EPA Says CDFIs Are Eligible for Greenhouse Reduction Program
CDFI certified credit unions will be able to take part in the EPA's newly unveiled Greenhouse Gas Reduction Fund program. Learn why.
CDFI certified credit unions will be able to take part in newly unveiled initiative, a move supported by CUNA and NAFCU.
The EPA has rejected the creation of a single “green bank” to administer funds from the new Greenhouse Gas Reduction Fund—a decision that will allow participation by CDFI credit unions.
The agency on Tuesday announced the structure of the new program—a $20 billion General and Low-Income Assistance Competition and a $7 billion Zero-Emissions Technology Fund Competition.
“EPA’s Greenhouse Gas Reduction Fund will include a nearly $20 billion General and Low-Income Assistance Competition to award competitive grants to eligible nonprofit entities that will collaborate with community financing institutions like green banks, community development financial institutions, credit unions, housing finance agencies and others,” the agency said, in announcing its plans.
Credit Union Groups in Support
Some lawmakers and interest groups had urged the EPA to create a single national green bank to administer funding for the two programs. In announcing the structure of the program, the EPA rejected that idea, a decision that was applauded by NAFCU.
“NAFCU has been a leading advocate for a commonsense interpretation of the text of the Inflation Reduction Act to establish an efficient and effective framework that will leverage the strengths of experienced community-based lenders, especially those in low-income and disadvantaged communities, and swiftly and more pragmatically deploy monies from the Fund to reduce greenhouse gas emissions and other air pollutants,” Ann Petros, the organization’s vice president of regulatory affairs, said Tuesday.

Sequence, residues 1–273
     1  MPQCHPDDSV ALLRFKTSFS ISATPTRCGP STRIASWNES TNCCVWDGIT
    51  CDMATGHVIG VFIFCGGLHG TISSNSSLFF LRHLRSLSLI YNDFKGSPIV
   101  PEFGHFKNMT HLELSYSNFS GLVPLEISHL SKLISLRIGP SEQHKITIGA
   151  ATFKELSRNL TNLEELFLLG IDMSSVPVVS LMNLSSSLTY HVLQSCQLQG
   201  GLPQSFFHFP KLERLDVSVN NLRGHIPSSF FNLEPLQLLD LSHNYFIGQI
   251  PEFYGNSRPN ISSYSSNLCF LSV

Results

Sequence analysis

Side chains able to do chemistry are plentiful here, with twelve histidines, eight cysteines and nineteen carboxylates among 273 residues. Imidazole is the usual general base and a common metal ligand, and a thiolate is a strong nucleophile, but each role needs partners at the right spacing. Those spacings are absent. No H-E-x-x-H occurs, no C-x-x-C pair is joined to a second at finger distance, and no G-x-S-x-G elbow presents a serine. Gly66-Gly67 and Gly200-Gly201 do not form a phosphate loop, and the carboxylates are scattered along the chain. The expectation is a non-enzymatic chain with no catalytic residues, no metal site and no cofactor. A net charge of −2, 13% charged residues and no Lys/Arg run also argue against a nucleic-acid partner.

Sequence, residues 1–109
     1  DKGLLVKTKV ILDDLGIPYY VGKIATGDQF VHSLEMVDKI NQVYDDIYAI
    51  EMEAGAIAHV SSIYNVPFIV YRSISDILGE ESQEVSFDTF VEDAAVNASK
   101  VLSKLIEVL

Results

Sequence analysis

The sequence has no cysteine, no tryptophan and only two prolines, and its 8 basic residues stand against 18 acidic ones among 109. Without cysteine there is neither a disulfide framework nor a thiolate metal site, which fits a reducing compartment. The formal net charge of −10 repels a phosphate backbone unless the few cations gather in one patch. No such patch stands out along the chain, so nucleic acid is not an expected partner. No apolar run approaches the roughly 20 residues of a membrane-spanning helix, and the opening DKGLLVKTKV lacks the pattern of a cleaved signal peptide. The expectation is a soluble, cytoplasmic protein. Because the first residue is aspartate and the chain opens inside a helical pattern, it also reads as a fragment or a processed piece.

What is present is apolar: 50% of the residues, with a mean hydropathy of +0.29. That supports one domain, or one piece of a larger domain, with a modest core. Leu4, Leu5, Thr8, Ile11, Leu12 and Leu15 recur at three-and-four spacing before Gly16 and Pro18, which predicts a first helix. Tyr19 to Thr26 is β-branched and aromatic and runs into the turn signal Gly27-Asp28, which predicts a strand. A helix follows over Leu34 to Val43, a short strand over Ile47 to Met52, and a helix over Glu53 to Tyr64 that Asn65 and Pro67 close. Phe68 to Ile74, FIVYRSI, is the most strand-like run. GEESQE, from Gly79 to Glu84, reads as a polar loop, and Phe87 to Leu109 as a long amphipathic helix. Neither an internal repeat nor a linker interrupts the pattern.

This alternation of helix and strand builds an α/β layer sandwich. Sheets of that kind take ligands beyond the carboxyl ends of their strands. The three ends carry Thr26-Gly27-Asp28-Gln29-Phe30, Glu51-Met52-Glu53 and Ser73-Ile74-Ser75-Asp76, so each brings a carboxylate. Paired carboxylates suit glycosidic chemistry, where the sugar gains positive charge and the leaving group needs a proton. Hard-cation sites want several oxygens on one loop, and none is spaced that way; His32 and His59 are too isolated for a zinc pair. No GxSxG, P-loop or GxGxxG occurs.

Officials at CUNA were likewise pleased with the decision, with President/CEO Jim Nussle saying, “As recognized by the EPA in the announcement, credit unions and CDFIs are best positioned to deliver funding to the low-income and disadvantaged communities which Congress intended to benefit with the creation of the Greenhouse Gas Reduction Fund."
Pushback from Politicians, Non-Profit Group
Other groups, such as the non-profit Coalition for Green Capital, had been pushing for the establishment of the single national green bank to administer the funds.
They were joined by several Democrats who had been advocating for the creation of such a bank—Sens. Chris Van Hollen of Maryland, Edward Markey of Massachusetts, and Rep. Debbie Dingell of Michigan.
“An effective national climate bank program will build generational climate-friendly wealth in communities that have the least access to clean energy capital and are most at risk from environmental harm,” they wrote in a letter to the EPA.
More Credit Union Support
Groups such as the African-American Credit Union Coalition disagreed.
“Concentrating all resources into a single national green bank runs a high risk of excluding community development and green finance intermediates and increases the risk that funds will not be deployed on a timely basis and to the populations, the [program] is designed to serve,” the coalition said when the EPA solicited comment on the program last year.
NAFCU also noted in their own comment letter that credit unions are subject to regulation by the NCUA, and/or state regulators, as well as the CFPB.
“Credit unions are generally risk-averse institutions that pride themselves on working through a relationship banking model that always puts consumers’ interests first,” the trade group wrote.